Year C: Sixth Sunday of Easter
The Holy Spirit will teach you everything and remind you of all that I told you.
John 14: 23-29
Jesus answered and said to him, “Whoever loves me will keep my word, and my Father will love him, and we will come to him and make our dwelling with him. Whoever does not love me does not keep my words; yet the word you hear is not mine but that of the Father who sent me. “I have told you this while I am with you. The Advocate, the holy Spirit that the Father will send in my name—he will teach you everything and remind you of all that I told you. Peace, I leave with you; my peace I give to you. Not as the world gives do I give it to you. Do not let your hearts be troubled or afraid. You heard me tell you, ‘I am going away, and I will come back to you.’ If you loved me, you would rejoice that I am going to the Father; for the Father is greater than I. And now I have told you this before it happens, so that when it happens you may believe.
- When are you most aware of God’s spirit dwelling within you? What brings this awareness about?
- When have you experienced a peace or a closeness of God that replaced fear or settled you when you were troubled?
- How do you go about discerning the movement of the Advocate – (The Holy Spirit) in your life? What tells you it is the Spirit?
- Is there anyone in your life whom you need to restore peace with but are avoiding? Where is the resistance coming from and how is God present?
Margaret Nutting Ralph PHD
In this week’s Gospel Jesus is continuing what is called his farewell discourse, his final words to the disciples during his last meal with them on the night before he dies. Today’s passage is Jesus’ response to a question that one of the disciples has asked: “Judas, not the Iscariot, said to him, ‘Master, [then] what happened that you will reveal yourself to us and not to the world?'” (John 14:22). Judas asks this question because Jesus has just assured the disciples, “I will not leave you orphans; I will come to you. In a little while the world will no longer see me, but you will see me, because I live and you will live” (John 14:18-19).
As is so often the case with John’s Gospel, two levels of conversation are taking place at the same time. On the one level, Jesus is talking to his disciples on the night before he dies. On another level, John is talking to his end-of-the-century audience, who are disappointed that Jesus has not yet returned on the clouds of heaven. John wants his contemporaries to realize that the risen Jesus dwells in their midst.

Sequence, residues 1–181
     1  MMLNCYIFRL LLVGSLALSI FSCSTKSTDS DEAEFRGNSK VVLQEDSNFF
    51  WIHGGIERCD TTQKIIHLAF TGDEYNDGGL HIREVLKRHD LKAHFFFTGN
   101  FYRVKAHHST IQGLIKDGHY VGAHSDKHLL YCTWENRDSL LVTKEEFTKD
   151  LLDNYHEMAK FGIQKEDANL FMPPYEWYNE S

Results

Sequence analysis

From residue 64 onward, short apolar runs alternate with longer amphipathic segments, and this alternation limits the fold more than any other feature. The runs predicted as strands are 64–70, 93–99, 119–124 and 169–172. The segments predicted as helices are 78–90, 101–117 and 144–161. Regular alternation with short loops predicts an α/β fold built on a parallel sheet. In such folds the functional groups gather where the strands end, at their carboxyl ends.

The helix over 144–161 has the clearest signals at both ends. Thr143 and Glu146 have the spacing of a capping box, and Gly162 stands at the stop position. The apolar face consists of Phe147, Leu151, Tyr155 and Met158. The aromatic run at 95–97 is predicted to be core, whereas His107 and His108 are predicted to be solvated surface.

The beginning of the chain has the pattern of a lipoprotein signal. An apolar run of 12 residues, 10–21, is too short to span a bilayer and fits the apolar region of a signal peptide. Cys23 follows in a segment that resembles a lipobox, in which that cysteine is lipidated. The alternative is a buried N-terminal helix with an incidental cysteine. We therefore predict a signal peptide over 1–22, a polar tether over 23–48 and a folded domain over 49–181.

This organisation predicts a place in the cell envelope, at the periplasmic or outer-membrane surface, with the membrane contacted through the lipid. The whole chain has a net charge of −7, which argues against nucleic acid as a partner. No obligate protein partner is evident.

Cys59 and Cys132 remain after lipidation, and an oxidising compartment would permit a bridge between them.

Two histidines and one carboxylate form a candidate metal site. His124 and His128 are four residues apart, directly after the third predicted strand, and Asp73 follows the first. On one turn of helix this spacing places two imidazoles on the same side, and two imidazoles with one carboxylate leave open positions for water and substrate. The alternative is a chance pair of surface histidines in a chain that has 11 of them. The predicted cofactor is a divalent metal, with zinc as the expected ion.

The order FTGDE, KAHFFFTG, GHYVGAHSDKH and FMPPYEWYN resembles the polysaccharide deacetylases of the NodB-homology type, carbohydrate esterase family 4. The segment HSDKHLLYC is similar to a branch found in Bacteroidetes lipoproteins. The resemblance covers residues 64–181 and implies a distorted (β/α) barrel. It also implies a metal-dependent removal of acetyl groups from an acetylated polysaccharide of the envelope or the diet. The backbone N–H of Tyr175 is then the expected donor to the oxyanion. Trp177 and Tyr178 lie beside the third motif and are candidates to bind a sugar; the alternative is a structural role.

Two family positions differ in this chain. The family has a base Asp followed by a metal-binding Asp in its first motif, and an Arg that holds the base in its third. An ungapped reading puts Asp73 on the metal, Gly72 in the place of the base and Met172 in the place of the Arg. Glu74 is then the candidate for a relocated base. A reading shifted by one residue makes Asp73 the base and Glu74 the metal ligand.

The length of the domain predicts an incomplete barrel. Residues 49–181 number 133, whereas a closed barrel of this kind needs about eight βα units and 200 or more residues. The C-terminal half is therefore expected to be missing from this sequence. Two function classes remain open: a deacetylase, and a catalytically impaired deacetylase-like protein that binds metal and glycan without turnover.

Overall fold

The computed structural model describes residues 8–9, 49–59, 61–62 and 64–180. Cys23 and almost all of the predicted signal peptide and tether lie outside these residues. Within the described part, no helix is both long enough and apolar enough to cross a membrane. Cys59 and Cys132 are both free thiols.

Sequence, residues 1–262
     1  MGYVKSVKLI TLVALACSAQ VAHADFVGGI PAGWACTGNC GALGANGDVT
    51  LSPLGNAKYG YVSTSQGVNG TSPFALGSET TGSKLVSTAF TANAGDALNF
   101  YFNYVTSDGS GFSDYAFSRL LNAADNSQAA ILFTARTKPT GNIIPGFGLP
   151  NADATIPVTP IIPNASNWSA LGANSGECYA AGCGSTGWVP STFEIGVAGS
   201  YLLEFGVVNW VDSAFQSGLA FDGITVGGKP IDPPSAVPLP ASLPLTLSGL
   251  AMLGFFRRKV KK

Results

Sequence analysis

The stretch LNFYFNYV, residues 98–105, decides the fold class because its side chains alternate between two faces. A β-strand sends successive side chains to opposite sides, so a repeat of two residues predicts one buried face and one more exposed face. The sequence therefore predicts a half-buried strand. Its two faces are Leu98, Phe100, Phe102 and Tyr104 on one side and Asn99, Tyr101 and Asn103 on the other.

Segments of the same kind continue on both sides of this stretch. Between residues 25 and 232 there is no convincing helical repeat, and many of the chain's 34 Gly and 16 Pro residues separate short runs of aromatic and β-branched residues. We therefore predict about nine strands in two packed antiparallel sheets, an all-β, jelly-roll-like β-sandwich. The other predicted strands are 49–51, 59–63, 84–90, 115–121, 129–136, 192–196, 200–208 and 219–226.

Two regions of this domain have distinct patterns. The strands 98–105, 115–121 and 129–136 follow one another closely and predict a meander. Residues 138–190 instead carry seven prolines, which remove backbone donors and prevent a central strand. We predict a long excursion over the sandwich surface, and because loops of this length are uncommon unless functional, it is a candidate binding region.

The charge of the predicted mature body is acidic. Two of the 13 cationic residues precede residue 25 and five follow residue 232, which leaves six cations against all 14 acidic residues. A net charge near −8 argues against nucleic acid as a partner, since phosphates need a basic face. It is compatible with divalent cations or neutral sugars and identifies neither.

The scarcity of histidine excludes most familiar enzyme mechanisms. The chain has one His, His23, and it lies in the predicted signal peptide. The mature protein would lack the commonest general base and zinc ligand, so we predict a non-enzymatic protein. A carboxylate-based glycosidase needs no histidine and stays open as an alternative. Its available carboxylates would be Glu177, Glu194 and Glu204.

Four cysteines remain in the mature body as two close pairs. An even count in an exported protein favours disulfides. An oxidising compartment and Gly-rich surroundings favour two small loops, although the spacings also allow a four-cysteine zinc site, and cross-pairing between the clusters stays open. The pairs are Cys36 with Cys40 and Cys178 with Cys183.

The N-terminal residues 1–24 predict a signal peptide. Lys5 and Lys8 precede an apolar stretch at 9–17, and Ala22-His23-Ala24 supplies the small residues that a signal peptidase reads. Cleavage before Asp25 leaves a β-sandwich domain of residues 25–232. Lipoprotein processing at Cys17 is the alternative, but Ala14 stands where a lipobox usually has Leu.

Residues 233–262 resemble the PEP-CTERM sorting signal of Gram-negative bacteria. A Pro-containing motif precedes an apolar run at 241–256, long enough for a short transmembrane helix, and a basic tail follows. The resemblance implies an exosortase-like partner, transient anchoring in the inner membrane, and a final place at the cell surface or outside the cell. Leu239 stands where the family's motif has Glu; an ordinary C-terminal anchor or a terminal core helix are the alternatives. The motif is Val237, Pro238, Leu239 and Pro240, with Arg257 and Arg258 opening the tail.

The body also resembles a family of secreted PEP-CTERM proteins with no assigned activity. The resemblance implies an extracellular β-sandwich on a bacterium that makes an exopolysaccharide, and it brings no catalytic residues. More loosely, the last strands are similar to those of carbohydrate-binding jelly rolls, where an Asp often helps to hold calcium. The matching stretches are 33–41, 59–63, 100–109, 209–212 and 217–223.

Jesus responds to Judas’s question by saying, “Whoever loves me will keep my word and my Father will love him and we will come to him and make our dwelling with him.” In other words, love is the bond that results in Jesus and the Father dwelling with Jesus’ disciples. The world, those who do not love Jesus or keep his word, will not be able to discern or experience this indwelling. Nevertheless, Jesus and the Father will be present to those who love them.
In addition to his own and the Father’s presence, Jesus promises the disciples that they will receive “the Advocate, the Holy Spirit, whom the Father will send in my name….” John’s is the only Gospel that uses the word Advocate, also translated Paraclete, to refer to the Holy Spirit. The word means a helper or counselor. Here Jesus tells his disciples what the role of the Spirit will be: the Holy Spirit “will teach you everything and remind you of all that I told you.”
The disciples were not able to understand the significance of all they experienced when they were with Jesus before his crucifixion. The Holy Spirit will remind the disciples of all that Jesus told them, not just in the sense of helping them recall what Jesus said, but in the sense of helping them understand what they were previously unable to understand.
Next Jesus gives the disciples the gift of peace: “Peace I leave with you; my peace I give to you. Not as the world gives do I give it to you.” Although Jesus instructs the disciples not to be troubled or afraid when he leaves them, the disciples are afraid. After the crucifixion they are huddled in a locked room in fear (see John 20:19). As we noted on the second Sunday of Easter, when Jesus appears to them, he once again offers them the gift of peace (see John 20:19, 21).
Jesus tries to comfort the disciples by telling them that although he is going away, he will return. If they love Jesus they will rejoice that he is going to the Father.